mix resin and hardener for 3 minutes scrape the sides and bottom as you mix

Pour the resin over the center of the piece, guiding it over the entire surface of the painting using a spreading tool. 

pour resin over center of painting and spread out over entire surface
spread resin over surface of painting using spreading tool

You can tape off the edges with painter's tape if you wish to leave them clean, or used your gloved hand to guide the resin over the edges.

use gloved hand to guide resin over edges of painting

Cover with a dust cover (we like using an empty cardboard box or a clean plastic tote) and allow to cure for 24 hours. 

torch out resin bubbles and cover with dust cover until dry 24 hours

dutch pour sunflower painting how to do a dutch pour

A Resin Art Dutch Pour

In this project, ArtResin will be the pouring medium to which we will add our acrylic paint. This is a much quicker method that takes your piece from the work top to the wall in 24 hours.

resin dutch using epoxy resin as the pouring medium

Supplies You'll Need:

  • 16 x 20 wood panel, painted white with acrylic paint or gesso
  • Masking tape
  • Stands to prop your panel up (painter’s pyramids or plastic cups)
  • Plastic drop sheet to line your work surface
  • Liquitex Basics White
  • Amsterdam Prussian Blue
  • Amsterdam Light Rose
  • Pebeo Iridescent Gold
  • Plastic shot glasses
  • Hairdryer (with the nozzle attachment on)
  • ArtResin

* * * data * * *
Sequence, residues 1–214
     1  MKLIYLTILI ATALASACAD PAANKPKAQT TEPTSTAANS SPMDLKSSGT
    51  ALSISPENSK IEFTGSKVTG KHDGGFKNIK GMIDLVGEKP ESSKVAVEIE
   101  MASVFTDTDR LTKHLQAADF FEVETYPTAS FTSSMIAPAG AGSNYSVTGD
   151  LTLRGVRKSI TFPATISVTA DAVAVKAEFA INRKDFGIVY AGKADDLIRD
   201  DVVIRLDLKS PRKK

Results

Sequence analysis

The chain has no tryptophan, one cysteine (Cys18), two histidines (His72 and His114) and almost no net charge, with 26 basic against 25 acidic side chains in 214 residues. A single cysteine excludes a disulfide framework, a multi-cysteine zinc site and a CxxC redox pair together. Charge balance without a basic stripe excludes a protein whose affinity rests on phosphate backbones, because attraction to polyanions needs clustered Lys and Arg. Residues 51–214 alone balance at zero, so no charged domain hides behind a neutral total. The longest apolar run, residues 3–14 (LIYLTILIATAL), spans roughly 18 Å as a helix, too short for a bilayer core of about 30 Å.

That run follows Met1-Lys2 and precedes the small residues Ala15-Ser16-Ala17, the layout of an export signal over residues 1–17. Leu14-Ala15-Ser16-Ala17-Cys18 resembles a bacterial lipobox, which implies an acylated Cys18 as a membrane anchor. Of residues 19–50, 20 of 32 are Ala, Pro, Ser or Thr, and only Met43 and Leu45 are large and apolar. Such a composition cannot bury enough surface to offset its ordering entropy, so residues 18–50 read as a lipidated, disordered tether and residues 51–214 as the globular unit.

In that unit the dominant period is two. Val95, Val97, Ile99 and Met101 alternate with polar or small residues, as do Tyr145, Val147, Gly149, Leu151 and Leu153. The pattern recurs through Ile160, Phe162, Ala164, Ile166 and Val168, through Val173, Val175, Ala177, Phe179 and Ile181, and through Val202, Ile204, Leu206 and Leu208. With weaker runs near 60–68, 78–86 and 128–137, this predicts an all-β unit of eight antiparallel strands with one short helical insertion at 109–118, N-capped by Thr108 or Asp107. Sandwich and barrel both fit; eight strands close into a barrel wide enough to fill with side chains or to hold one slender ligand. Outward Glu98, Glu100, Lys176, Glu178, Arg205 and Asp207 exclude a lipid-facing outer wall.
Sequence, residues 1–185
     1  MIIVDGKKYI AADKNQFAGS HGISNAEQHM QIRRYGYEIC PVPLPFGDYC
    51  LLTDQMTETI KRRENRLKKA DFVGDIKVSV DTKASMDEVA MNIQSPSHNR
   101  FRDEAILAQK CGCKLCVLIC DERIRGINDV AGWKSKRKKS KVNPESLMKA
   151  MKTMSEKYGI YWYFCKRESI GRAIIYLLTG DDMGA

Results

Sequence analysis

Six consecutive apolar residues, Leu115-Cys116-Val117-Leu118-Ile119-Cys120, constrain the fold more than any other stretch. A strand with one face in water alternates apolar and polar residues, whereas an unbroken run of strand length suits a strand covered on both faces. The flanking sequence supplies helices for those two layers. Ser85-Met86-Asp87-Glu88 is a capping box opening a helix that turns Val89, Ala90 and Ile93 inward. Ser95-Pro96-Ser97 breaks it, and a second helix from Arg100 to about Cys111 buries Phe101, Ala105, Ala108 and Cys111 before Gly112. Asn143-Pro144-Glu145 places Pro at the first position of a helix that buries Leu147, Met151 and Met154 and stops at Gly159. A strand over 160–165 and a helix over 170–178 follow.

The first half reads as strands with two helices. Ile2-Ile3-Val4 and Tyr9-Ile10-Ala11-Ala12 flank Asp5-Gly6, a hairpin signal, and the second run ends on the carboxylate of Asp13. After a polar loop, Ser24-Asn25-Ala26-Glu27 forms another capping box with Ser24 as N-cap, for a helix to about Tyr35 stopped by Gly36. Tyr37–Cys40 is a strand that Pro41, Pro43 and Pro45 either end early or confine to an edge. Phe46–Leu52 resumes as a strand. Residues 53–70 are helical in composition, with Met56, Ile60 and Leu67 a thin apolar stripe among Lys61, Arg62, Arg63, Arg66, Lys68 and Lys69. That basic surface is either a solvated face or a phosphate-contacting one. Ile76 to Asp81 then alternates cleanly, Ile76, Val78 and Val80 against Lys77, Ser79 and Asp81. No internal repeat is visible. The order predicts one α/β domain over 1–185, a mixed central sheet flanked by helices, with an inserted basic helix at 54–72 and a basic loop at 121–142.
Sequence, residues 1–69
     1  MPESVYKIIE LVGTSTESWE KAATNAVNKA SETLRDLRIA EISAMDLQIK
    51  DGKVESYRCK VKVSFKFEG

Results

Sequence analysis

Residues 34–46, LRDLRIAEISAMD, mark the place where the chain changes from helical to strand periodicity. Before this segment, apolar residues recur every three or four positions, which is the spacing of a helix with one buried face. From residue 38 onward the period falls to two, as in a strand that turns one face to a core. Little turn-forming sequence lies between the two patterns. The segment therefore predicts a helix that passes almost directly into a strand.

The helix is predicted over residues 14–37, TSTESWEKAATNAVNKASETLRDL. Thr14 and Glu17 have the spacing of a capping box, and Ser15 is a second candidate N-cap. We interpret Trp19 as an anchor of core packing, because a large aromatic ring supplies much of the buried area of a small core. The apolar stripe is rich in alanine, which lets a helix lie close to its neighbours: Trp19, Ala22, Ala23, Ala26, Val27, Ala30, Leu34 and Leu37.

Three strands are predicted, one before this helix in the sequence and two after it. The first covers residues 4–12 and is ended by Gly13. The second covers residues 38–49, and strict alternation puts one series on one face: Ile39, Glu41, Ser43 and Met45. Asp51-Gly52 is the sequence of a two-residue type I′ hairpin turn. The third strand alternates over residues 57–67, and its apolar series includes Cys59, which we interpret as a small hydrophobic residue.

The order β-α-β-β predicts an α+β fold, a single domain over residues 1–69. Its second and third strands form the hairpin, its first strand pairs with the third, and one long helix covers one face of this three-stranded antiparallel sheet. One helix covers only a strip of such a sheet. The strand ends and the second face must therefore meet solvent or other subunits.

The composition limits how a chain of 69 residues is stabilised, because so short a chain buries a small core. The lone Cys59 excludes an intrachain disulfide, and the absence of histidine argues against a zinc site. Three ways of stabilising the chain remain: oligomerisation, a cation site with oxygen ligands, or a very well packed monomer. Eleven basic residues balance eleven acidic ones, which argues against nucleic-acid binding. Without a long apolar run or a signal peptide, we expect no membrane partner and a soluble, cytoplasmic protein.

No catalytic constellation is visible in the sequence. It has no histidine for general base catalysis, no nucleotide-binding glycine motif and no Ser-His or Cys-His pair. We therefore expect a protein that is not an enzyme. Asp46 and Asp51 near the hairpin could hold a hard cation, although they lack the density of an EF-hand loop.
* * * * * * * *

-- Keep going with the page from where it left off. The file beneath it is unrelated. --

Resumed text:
• Nitrile gloves
  • Measuring Cup
  • Mixing Stick
  • Spreader
  • Torch
  • Dust Cover


Step 1 - Choose Your Palette

Choose colors that blend well together and won’t get muddy when they meet.

Christine suggest using 3-4 colors plus white. 

choose 3-4 colors for dutch pour painting technique

Step 2 - Prepare The ArtResin

Wearing gloves, measure and mix the ArtResin according to the label instructions. We prepared 11 oz to cover the panel, plus an extra ounce for each paint color.

prepare artresin according to the label instructions

Step 3 - Tint The Resin

Portion out the resin into plastic cups, add your paint and mix. We used shot glasses for the accent colors and blended the white in the mixing container.
💡TIP: Do not exceed 6% of the the total volume of resin.  For example, our 1 oz shot glasses are equal to 30 ml, so we were careful not to add more than 2ml of paint. 

add acrylic paint into the epoxy resin for a resin dutch pour
mix acrylic paint into epoxy resin as the pouring medium for resin dutch pour

Step 4 - Pour A White Resin Base Over The Panel

Pour a base of white tinted resin over the entire surface of the panel. Pour a generous amount, but be sure to keep some white back for touch ups.

pour base coat of white tinted resin for resin dutch pour painting